What to Look for in a Payroll Firm?

According to insurance experts, failure to pay payroll taxes is one of the most common reasons individual board members are sued. Dimitri and I have therefore always hired outside payroll expertise, and when we were still consulting, we advised our clients to do the same. Adding another party to that liability chain – someone for whom payroll is their specialty – avoids the temptation to defer making appropriate payments when money is tight… 

Unfortunately, as we are building Creating the Future, the firm with whom we have worked for almost 20 years – and with whom we have been so pleased we have repeatedly recommended them – well, they are massively disappointing us. And so, by January 1, we are intending to make a switch.

In that process, we’re seeking your wisdom – NOT about which firm you recommend, but about what to look for in such a firm. Here’s what we’ve come up with so far:

  • The capacity to indemnify us from whatever mistakes they make (whether through their own insurance or bonding or whatever)
  • Responsiveness and consistency. (In the past year, we have had 3 separate payroll specialists with our old firm. Problems have not only gone unaddressed, but the new person knows nothing about them….)
  • A track record
  • Flexibility – we are a tiny start-up, with fluctuating cash flow, which means some months we have funds for payroll on the 1st, some months it’s not till the 15th, and other months not at all. Will a firm charge us each time we make a change in our routine? (Can you tell we’ve been experiencing this?)

Now here’s where you come in: From your own experience, what else should we be considering?

  • When it comes to choosing a payroll firm, what should we be asking? What should we be looking for / paying attention to?
  • Are there danger signals to watch out for?
  • What should we expect to pay per employee?
  • Are there opportunities to collaborate – and if so, what have you seen?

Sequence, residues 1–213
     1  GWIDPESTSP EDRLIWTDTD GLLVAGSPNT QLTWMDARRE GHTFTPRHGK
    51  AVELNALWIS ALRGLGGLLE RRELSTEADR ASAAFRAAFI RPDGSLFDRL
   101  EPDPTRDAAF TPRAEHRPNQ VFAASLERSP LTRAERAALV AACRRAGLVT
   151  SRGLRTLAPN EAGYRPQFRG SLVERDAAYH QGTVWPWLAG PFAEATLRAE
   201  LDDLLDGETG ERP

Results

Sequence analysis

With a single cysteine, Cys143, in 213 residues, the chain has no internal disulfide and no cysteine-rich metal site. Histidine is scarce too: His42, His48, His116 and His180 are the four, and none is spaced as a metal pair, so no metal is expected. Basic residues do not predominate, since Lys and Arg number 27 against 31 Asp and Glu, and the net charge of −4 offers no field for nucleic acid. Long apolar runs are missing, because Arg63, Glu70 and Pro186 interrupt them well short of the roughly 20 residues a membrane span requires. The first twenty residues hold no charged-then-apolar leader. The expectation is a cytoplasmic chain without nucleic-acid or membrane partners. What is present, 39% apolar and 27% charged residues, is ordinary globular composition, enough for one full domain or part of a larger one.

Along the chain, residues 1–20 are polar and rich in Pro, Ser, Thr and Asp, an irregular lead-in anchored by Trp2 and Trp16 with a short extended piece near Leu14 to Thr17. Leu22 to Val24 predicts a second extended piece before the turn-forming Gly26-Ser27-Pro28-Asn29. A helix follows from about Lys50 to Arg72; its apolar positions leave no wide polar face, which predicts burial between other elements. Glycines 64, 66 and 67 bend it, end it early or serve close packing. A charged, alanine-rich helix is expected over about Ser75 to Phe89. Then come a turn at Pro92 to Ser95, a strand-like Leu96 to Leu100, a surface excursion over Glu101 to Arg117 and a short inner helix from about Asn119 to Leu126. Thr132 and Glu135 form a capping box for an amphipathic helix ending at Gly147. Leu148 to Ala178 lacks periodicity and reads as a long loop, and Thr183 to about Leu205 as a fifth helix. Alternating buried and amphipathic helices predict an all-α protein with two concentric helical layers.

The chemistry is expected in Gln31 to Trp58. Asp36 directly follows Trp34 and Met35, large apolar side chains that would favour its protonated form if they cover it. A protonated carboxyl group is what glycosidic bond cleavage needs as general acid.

If you have a firm you LOVE working with, please tell us why. What do you love about them?

And if you are pitching your own firm, please refrain from using this space to pitch your business.  Instead, please help us AND others by answering the questions I’ve posed. (And then feel free to contact us directly via this link.)

5 thoughts on “What to Look for in a Payroll Firm?”

  1. I became Treasurer of an organization that was using its credit union for payroll and general banking services- and the manager as their volunteer bookkeeper! I would NOT recommend that form of collaboration; the charity had trouble getting access to its own records (computer and paper) and I couldn’t find any proper authorizations for payroll changes. No one was doing anything wrong, except that the manager was six months behind on volunteer work. That manager had so much clout with the organization that no one wanted to touch her performance issues, and the board had no financial decision support.
    I’ll also note that under Canadian law, organizations are supposed to check out the personal privacy practices of such contractors. They should be able to provide a privacy policy and confirm some form of periodic review of privacy practices (e.g., as part of risk management).

  2. This is all really helpful, Jane. And given that one of the goals is to spread the liability, WOW it sounds like your example is the poster child for INCREASING that liability!

    I love the question about privacy policies. That one hadn’t occurred to us. Thanks!!!

  3. I have also typically advised small nonprofits to use a PEO and use one myself. I have not been wowed by what we get for our money and we are looking to take it over starting January 1. Intuit/Quicken has a program that should make it fairly painless for a small group to handle in house for far less money. I will let you know how it works out.

  4. One option may be to contract with a local, larger non-profit that has some excess capacity in their payroll department. They might be able to offer more flexibility if you need to change payroll dates, and liability issues could be addressed in the contract.

    I have also heard positive things about Quickbooks from small business owners, but have no direct experience with that. It will be interesting to hear about Mr. Carter’s experiences after 1/1/12.

  5. we like PayCycle .. recently acquired by Intuit but still a separate product.. Intuit offers what they call assisted payroll .. if you push they will come down from $85 to $45/mo + 2.50 per employee but if you have a cpa or accountant that is willing to sign on for the wholesale feature the rate is $22.50/mo +.50/employee and there is a tiny amount of effort on the employers part.. i have used paycycle for my firm for 5+ years… service is superb


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